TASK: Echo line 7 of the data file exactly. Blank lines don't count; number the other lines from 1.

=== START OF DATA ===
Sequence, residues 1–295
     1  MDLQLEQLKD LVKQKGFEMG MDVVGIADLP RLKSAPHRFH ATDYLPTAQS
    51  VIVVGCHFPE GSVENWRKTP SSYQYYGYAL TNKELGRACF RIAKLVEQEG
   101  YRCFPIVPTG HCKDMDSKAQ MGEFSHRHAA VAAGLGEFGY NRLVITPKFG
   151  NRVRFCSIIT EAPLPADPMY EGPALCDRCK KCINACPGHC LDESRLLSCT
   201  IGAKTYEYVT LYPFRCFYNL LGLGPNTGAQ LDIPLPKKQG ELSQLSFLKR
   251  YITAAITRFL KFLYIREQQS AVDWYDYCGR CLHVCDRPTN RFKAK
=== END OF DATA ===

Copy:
   251  YITAAITRFL KFLYIREQQS AVDWYDYCGR CLHVCDRPTN RFKAK